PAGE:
Like I say about the music industry, the large cattle industry is also a cancer on society - and on Mother Earth - that needs to go. Fast.



posted on Aug, 16 2010 @ 12:56 PM
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This is terrible. Shows just how little power there is in Congress, as if that's news. Have you alerted the rest of the media yet? I'm going to send some emails now. Thanks for the heads up, and let's hope they're more humane this time at least.



posted on Aug, 16 2010 @ 01:07 PM
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Well, I OWN, 640 acres, of that land. I CONTROL, 9 square miles of it, because of the way, the land is bundled, in Nevada. I'll keep, ANY Mustangs or Burros, that wander onto, my" land!! I'll see to it, they have food & water. I'll "thin the herd", as necessary.
I'll also, "thin" any FEDGOV officers, that show-up, to hassle me!
I HAVE HAD ENOUGH, sabe???

Sic Semper Tyrannis!



posted on Aug, 16 2010 @ 01:12 PM
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reply to post by Patriotgal
 


You need any help with thinning out government thugs, let me know, and I'll be on the first flight to Nevada.



posted on Aug, 16 2010 @ 01:13 PM
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The following is my opinion as a member participating in this discussion.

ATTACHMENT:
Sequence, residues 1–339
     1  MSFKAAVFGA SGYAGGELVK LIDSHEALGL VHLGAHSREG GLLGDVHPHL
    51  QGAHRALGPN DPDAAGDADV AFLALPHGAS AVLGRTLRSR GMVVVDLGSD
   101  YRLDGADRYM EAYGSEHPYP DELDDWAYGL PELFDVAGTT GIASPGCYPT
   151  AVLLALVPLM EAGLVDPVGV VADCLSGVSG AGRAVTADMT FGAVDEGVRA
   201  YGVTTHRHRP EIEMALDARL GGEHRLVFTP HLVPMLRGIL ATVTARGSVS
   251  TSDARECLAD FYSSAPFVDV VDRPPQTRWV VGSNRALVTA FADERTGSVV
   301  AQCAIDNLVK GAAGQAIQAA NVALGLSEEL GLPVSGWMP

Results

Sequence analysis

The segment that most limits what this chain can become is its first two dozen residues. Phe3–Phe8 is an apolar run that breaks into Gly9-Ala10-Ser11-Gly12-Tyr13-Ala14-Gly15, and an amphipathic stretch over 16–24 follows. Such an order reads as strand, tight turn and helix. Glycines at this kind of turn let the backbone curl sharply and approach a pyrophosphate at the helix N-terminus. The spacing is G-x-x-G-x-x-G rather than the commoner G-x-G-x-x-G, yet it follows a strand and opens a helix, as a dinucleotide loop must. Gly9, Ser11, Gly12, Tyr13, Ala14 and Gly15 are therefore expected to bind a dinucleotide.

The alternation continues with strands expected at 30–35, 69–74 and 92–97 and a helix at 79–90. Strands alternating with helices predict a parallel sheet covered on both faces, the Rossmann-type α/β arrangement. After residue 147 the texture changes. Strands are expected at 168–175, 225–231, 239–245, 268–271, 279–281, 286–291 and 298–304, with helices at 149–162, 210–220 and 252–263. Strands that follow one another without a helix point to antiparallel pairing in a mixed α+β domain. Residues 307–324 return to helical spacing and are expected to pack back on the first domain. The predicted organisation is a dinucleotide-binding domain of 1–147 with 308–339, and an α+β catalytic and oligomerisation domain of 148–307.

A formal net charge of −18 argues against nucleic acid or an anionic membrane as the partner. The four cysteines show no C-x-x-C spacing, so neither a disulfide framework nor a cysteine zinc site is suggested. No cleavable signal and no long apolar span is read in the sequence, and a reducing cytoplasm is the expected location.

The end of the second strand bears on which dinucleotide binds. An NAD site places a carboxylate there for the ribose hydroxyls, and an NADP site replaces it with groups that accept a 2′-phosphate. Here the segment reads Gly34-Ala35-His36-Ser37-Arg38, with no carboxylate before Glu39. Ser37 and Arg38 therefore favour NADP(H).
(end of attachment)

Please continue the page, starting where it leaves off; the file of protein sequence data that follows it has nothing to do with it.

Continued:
It appears they're getting away with it due to lack of public awareness on the issue.

I'll be sure to make this a talking point the next time I'm at my local cafe.

Deplorable behavior on their part - a straight out abuse of a valuable Public Resource and an insult to everything America (and it's peoples) rightfully stands for.

Protected lands (and natural inhabitants) of this nature are essential in keeping the American mental landscape in balance.

I hope never to see a day where children (of all ages) can only experience such a regal and majestic sight in a two dimensional, dead format.


As an ATS Staff Member, I will not moderate in threads such as this where I have participated as a member.



posted on Aug, 16 2010 @ 01:15 PM
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This is a clear cut objective as defined by Agenda 21.

The whole Agenda 21 outline
www.un.org...

Read it all, but this thread pertains to Section II of the document linked above.
Section II. Conservation and management of resources for development.



posted on Aug, 16 2010 @ 01:15 PM
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On the one hand, they are not a native species and if they are harming the native ones, I can see the point of rounding them up.

On the other hand, they have been in the desert since Spanish colonial times and after nearly 500 years, I would assume some amount of generational adaptation to the environment would have occurred.

I mean, a void has been left since the buffalo were eradicated, and I'm sure some sort of harm occurred in the biospheres that make up the continent, including where the mustangs live. If the mustangs filled that niche that was left by the buffalo in a sustainable way, I wouldn't see a problem with them remaining. However, preferably, the buffalo would be reintroduced.

I'm sure neither will the ultimate outcome: no buffalo reintroduction, no mustang remaining.